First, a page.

Self-Report of Self-Disclosure Statements for Stuttering

Published In

Journal Of Fluency Disorders

Document Type


Publication Date




To (1) analyze verbatim wording used by adults who stutter (AWS) to self-disclose stuttering, (2) determine contexts in which AWS may self-disclose, (3) examine the use of self-disclosure by AWS about other aspects of their identity, and (4) investigate the ways in which speech-language pathologists (SLPs) develop self-disclosure statements with AWS.


Web-based questionnaires were administered to AWS (N = 42) and SLPs (N = 33) who work with AWS. The AWS questionnaire asked about the verbatim wording of self-disclosure statements used by AWS and the contexts in which they utilize them. For SLPs, the questionnaire probed how and why they work with AWS to formulate self-disclosure statements. Responses were openly coded and then funneled into concepts for analysis.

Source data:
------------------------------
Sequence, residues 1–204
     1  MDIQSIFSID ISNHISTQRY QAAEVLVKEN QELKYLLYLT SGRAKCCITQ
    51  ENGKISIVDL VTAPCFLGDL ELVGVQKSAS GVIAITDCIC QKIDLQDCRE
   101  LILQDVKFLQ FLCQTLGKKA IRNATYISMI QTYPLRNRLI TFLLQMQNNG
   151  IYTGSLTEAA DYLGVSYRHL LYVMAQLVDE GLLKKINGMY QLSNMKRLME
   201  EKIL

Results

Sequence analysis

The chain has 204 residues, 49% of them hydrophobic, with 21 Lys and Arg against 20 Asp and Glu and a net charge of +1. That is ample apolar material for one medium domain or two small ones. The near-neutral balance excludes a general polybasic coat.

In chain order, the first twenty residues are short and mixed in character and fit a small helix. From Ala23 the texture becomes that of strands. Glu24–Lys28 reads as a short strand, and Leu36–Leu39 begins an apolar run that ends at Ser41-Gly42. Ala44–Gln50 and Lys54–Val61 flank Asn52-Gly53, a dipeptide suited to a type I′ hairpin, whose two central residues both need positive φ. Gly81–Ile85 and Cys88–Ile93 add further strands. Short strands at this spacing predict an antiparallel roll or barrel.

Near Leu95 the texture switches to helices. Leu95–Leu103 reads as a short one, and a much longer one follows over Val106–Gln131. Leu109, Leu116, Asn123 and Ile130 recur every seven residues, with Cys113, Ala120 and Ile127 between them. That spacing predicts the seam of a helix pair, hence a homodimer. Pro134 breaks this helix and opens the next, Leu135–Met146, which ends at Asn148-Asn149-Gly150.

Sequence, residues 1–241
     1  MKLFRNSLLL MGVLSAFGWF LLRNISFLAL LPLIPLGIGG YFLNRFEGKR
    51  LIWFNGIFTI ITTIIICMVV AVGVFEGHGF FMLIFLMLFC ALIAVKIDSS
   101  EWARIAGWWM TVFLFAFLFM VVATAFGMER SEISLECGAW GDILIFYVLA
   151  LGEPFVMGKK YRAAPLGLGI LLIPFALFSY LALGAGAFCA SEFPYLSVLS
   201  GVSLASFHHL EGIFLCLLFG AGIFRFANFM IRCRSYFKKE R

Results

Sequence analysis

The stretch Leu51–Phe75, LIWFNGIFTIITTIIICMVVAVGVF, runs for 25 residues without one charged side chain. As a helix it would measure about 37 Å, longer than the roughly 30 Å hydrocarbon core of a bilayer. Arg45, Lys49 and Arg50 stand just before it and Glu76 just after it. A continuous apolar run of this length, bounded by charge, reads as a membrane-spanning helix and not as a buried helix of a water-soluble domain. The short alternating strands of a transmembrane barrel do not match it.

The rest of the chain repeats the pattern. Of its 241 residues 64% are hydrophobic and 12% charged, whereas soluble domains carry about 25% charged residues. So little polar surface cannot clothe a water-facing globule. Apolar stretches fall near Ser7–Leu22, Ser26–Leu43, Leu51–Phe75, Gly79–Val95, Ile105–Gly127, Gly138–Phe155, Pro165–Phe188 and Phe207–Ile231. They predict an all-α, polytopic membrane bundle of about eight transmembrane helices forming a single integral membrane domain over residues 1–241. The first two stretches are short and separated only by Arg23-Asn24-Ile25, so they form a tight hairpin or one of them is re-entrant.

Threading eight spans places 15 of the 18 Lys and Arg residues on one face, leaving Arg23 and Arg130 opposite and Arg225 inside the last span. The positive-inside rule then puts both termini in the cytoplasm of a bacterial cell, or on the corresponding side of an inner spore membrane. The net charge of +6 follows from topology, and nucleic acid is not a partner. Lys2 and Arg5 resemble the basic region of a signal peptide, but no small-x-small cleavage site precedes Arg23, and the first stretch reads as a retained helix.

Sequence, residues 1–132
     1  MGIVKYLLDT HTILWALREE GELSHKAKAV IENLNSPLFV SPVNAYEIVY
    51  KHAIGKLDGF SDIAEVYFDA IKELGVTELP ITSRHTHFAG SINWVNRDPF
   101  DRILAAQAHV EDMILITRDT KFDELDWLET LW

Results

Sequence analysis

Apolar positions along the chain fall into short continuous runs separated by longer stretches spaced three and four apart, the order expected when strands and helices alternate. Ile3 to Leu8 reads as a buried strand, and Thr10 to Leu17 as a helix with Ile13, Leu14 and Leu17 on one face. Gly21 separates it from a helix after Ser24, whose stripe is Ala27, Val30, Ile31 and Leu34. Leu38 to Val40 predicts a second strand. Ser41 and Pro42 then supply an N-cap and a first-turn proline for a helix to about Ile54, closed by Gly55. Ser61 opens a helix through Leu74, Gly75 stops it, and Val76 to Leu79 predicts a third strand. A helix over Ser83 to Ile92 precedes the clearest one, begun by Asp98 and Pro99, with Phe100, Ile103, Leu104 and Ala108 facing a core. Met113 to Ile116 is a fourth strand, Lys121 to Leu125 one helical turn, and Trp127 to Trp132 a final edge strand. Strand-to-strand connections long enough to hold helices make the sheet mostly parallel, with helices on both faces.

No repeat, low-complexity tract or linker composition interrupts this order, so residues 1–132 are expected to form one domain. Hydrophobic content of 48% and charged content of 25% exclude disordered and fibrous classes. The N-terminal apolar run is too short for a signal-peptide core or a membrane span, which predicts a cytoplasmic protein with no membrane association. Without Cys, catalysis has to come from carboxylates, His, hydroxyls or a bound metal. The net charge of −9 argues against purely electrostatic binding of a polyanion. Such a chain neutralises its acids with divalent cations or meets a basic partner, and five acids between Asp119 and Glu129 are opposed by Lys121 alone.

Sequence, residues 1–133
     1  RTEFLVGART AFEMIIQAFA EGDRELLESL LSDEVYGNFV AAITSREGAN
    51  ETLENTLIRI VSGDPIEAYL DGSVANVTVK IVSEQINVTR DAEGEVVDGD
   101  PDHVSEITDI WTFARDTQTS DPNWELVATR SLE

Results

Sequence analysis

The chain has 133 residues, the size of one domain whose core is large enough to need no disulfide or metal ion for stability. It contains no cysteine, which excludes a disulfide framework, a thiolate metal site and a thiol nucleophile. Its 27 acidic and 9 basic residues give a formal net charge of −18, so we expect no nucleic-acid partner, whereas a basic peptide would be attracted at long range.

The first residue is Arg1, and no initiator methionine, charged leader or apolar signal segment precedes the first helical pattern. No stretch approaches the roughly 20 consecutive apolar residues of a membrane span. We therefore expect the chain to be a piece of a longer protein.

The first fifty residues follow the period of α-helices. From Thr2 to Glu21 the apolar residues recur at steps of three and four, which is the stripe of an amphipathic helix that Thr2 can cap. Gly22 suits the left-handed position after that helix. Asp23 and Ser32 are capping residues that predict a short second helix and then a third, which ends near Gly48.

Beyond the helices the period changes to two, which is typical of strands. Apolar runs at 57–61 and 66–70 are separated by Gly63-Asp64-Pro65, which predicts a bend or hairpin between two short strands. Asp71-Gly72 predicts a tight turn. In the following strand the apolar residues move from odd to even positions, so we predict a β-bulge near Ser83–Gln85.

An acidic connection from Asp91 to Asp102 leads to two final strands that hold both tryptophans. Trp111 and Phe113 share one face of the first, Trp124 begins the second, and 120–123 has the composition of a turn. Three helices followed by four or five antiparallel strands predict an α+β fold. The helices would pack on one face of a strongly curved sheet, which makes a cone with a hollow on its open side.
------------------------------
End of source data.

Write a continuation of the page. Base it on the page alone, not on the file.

The majority of AWS provided verbatim self-disclosure statements which were educational in nature. However, when responding to fixed choices and when reporting on self-disclosing other aspects of their lives, the majority of participants selected a direct statement. The majority of AWS reported that they self-disclose when interviewing for a job. SLPs reportedly instruct their clients to use educational self-disclosure statements. SLPs also reported that they use an individualized approach to brainstorming self-disclosure statements. Finally, SLPs reported that they find self-disclosure beneficial because it facilitates self-empowerment for AWS.


AWS may benefit from learning about the type of self-disclosure statements and the contexts in which other AWS chose to disclose. Additionally, SLPs who work with AWS may benefit from the reported procedures for and types of self-disclosure statements formulated by AWS.



Persistent Identifier